Why Trump? This question seems to be a source of genuine bafflement for the ruling classes on both sides of the aisle, but especially for liberals. Let me see if I can explain.
I fell victim to one of those nasty, late fall colds and went home sick at lunch on Wednesday. While ladling chicken noodle soup down my aching throat, I turned on the TV and wound up watching the America’s News HQ midday program on Fox. The newscaster was interviewing Democratic Representative Tim Ryan from Ohio, and they were discussing why House Democrats are delaying a vote on the minority leader. The talk is that Ryan may be tagged to replace Nancy Pelosi.
They cut away in the middle of their live interview to a clip of Ryan talking to reporters in the hallway at an earlier time. Ryan said Democrats needed to reconnect with voters in the “flyover zone.”
The “flyover zone.”
The newscaster repeated the term, looking slightly puzzled by Congressman Ryan’s casual use of it, but she didn’t belabor the point. They moved on to their main topic.
The thing is that the term “flyover zone” IS the point…of the entire election.
I’m sure Ryan didn’t mean to be insulting. His was benevolent condescension. He was just saying what the intelligentsia in both parties thinks of those of us in Middle America; you’re smarter than we are, you’re more sophisticated, you’re better qualified in every way to run this country and if you occasionally have to take a few shortcuts in the Democratic process or the Constitution to achieve your goals, well, the ends justify the means.
We know that’s what you think of us. You make it abundantly clear. We get it from the top down – even the President of the United States made it clear when he sneered about us rubes “clinging to our guns and religion.”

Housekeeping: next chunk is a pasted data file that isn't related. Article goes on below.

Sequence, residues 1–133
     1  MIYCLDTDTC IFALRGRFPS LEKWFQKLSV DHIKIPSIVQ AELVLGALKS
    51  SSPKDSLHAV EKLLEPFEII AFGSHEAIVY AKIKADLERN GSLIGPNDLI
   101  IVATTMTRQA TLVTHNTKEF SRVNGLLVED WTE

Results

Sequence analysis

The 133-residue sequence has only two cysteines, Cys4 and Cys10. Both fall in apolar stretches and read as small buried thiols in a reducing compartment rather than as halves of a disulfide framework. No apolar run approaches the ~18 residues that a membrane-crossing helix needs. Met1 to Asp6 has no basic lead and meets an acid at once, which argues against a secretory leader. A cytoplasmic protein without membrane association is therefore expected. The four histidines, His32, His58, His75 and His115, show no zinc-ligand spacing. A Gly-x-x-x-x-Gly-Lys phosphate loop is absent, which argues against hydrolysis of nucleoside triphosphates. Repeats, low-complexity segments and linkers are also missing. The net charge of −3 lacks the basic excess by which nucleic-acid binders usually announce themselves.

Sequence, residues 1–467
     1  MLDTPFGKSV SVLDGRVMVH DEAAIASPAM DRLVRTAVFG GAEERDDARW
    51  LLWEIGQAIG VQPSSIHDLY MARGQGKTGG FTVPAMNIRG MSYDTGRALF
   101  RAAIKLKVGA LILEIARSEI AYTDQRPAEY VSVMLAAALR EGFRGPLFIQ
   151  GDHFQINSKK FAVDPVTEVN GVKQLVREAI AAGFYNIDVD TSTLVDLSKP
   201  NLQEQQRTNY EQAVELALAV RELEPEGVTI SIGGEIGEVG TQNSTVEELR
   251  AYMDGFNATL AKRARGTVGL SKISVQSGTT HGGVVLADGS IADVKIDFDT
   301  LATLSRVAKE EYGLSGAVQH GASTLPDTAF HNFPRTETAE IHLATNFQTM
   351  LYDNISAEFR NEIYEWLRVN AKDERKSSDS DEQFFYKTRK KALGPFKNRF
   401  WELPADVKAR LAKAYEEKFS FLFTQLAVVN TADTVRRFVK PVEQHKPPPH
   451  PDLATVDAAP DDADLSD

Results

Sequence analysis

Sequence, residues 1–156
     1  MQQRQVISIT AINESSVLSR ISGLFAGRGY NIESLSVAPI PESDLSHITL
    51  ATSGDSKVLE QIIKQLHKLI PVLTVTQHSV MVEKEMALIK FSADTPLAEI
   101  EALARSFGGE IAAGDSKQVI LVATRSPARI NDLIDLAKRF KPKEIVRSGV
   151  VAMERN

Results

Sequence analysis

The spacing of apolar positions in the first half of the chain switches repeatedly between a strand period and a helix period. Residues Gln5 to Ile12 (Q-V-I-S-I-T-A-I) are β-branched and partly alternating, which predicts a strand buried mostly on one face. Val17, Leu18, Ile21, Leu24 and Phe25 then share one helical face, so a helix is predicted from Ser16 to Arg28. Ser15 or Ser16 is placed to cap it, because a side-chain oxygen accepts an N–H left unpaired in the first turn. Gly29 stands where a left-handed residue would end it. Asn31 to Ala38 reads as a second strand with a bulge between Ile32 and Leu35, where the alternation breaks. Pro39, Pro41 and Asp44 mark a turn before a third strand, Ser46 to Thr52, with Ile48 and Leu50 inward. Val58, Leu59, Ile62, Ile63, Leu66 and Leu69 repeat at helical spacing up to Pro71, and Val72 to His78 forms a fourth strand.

When I say Middle America I’m not just talking about the states located geographically in the middle of the country, although the election map certainly lit up that way. We’re in every state of the union and we encompass all races, backgrounds and religions. Middle America is made up of everyday people who quietly go about the business of living life. Some went to college, some didn’t, but most of us work hard to earn our keep and take care of our families. On our days off we kick back or kick up our heels a little. We’re no saints, but we try to do the right thing. We probably go to church.
We love our country and we worry about our families and the future.
You won’t find us out on the streets vandalizing property when things don’t go our way, because:
- it wouldn’t be nice
- many of us own small businesses and we know how we’d feel if someone did that to us
- it’s hard to stay up all night smashing car windows when you have to get up early the next morning to go to work
Middle America is tired of being lied to, either outright or by the ever-present “spin.” We’re tired of being sneered at; we’re tired of being condescended to; and we’re tired of having the things that matter most to us mocked or brushed aside like so many pesky gnats; unimportant in the Grand Scheme of Things.
I’ve talked to a lot of people about this, mainly since the election. Most said they were afraid to voice an opinion contrary to the established narrative beforehand. They knew that the same crowd screaming for inclusion and diversity would exclude them in a New York minute for espousing diverse ideas on topics that had been declared closed for debate. If you suggested that Trump had anything at all of value to offer to our country, then that thought would put you squarely in the basket with the other “deplorables.”
It seems to me the main appeal of Donald Trump to Middle America, and the thing that first caught people’s attention, is one of the very characteristics that the intelligentsia ridicules the most: he says what he thinks.